David Brooks finds the religious journeys of the leading presidential contenders interesting:
George W. Bush was born into an Episcopal family and raised as a Presbyterian, but he is now a Methodist. Howard Dean was baptized Catholic, and raised as an Episcopalian. He left the church after it opposed a bike trail he was championing, and now he is a Congregationalist, though his kids consider themselves Jewish.
Wesley Clark’s father was Jewish. As a boy he was Methodist, then decided to become a Baptist. In adulthood he converted to Catholicism, but he recently told Beliefnet .com, “I’m a Catholic, but I go to a Presbyterian church.”
What other country on earth would have three national political figures with such peripatetic religious backgrounds? In most of the world, faith-hopping of this sort is simply unheard of. Yet in the United States, we simply take it for granted that people will move through different phases in the course of their personal spiritual journeys, and we always have.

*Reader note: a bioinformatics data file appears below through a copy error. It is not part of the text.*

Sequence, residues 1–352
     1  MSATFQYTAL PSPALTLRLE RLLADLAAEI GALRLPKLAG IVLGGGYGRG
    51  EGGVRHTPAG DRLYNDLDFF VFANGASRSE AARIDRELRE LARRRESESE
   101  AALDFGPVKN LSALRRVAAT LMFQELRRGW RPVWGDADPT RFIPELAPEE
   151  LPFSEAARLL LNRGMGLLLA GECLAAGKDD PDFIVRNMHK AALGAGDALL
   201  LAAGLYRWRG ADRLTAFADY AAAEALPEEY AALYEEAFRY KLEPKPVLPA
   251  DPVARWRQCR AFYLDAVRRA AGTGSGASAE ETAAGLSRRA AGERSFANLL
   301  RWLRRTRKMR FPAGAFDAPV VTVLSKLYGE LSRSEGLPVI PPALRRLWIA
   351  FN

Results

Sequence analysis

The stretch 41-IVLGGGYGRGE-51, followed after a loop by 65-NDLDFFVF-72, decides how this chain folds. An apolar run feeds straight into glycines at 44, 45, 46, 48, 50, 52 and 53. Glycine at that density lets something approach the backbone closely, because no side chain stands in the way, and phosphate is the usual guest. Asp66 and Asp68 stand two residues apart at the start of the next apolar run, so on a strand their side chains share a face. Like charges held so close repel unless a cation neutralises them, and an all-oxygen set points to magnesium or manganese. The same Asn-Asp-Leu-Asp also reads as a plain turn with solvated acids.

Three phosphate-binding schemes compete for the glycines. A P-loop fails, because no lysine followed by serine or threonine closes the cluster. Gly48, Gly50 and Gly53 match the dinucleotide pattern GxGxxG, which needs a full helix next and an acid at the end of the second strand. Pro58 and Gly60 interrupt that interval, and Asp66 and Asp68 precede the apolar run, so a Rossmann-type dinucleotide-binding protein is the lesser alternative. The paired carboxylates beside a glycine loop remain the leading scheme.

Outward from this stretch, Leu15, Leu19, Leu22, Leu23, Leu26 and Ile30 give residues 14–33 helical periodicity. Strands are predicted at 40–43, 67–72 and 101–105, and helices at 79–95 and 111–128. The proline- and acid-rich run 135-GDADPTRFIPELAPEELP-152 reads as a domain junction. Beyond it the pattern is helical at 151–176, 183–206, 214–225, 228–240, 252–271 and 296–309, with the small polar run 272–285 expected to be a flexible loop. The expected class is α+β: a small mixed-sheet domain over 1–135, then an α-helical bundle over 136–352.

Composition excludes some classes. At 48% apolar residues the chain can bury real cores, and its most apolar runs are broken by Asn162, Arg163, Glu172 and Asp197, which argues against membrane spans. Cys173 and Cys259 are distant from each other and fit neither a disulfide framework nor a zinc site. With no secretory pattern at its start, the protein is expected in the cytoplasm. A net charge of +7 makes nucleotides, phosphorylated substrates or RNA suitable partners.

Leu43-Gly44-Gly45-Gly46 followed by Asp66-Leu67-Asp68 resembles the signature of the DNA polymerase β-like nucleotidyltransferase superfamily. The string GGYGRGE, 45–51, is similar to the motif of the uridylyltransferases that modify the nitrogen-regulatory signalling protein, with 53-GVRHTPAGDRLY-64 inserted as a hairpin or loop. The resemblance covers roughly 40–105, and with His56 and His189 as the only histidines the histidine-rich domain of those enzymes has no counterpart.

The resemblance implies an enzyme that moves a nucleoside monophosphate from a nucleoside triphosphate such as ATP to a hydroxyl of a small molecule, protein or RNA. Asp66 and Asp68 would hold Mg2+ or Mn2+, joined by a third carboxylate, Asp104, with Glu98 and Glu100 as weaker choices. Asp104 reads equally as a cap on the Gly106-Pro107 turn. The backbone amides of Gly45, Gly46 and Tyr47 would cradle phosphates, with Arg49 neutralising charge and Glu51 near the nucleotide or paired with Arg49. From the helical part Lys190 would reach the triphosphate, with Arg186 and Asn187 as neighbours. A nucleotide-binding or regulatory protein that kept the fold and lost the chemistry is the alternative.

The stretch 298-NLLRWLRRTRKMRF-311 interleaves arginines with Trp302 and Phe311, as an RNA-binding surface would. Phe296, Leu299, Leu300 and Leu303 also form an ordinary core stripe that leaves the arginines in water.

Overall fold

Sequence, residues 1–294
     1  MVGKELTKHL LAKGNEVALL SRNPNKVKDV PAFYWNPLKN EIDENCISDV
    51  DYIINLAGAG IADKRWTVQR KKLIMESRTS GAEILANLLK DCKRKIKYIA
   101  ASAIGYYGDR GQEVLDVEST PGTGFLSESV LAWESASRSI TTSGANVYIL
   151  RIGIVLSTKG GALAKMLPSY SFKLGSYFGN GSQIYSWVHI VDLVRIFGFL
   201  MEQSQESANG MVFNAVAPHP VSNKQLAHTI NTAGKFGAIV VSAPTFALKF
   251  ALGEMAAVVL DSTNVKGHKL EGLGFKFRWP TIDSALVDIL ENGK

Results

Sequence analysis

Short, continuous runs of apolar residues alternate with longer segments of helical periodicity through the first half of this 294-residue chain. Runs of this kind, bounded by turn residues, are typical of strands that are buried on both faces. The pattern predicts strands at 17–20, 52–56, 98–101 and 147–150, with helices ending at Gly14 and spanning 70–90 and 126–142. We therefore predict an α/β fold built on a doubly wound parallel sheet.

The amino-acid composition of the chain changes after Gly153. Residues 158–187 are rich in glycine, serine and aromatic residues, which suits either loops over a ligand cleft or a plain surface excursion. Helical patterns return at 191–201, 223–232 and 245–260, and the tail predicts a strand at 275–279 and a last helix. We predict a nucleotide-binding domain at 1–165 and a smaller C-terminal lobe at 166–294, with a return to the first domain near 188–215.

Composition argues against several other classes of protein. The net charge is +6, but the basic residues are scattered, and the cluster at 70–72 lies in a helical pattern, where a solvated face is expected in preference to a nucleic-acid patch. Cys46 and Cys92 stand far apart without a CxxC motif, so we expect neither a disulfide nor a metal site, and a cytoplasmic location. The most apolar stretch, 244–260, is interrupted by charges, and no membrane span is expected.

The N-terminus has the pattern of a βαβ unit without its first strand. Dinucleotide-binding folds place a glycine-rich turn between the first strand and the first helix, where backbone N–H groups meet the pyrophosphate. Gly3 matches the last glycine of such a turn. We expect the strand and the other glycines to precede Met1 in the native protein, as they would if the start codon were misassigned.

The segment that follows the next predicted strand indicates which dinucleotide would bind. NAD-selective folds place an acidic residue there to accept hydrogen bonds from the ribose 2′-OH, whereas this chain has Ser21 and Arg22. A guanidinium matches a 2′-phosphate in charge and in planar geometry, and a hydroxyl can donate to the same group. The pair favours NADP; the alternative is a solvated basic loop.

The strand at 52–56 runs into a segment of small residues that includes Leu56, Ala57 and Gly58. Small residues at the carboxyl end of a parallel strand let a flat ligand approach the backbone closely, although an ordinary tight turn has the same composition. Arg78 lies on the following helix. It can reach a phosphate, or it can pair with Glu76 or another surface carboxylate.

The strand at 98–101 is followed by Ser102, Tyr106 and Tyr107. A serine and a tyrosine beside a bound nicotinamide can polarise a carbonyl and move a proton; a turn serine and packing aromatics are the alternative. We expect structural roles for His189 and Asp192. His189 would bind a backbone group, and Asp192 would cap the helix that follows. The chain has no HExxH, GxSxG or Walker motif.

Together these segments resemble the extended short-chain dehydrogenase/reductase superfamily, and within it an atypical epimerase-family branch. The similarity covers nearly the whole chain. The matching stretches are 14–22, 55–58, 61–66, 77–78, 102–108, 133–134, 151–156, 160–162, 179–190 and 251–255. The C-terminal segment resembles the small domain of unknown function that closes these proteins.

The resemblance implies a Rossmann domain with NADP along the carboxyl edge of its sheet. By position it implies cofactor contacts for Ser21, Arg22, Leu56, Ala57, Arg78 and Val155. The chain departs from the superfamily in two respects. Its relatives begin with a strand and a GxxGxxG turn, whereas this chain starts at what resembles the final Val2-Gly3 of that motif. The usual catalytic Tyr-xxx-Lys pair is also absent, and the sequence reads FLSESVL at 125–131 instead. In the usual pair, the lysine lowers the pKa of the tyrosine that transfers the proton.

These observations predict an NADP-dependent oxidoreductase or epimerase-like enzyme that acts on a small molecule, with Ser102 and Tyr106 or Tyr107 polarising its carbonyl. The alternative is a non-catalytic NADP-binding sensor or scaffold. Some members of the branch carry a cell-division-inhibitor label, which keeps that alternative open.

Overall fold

Nearly 200 years ago, Alexis de Tocqueville was bewildered by the mixture of devout religiosity he found in the U.S. combined with the relative absence of denominational strife, at least among Protestants. Americans, he observed, don’t seem to care that their neighbors hold to false versions of the faith.
That’s because many Americans have tended to assume that all these differences are temporary. In the final days, the distinctions will fade away, and we will all be united in God’s embrace. This happy assumption has meant that millions feel free to try on different denominations at different points in their lives, and many Americans have had trouble taking religious doctrines altogether seriously. As the historian Henry Steele Commager once wrote, “During the nineteenth century and well into the twentieth, religion prospered while theology slowly went bankrupt.”
Indeed, most social scientists would argue that a move away from religious fundamentalism is a key distinguishing feature of modernity.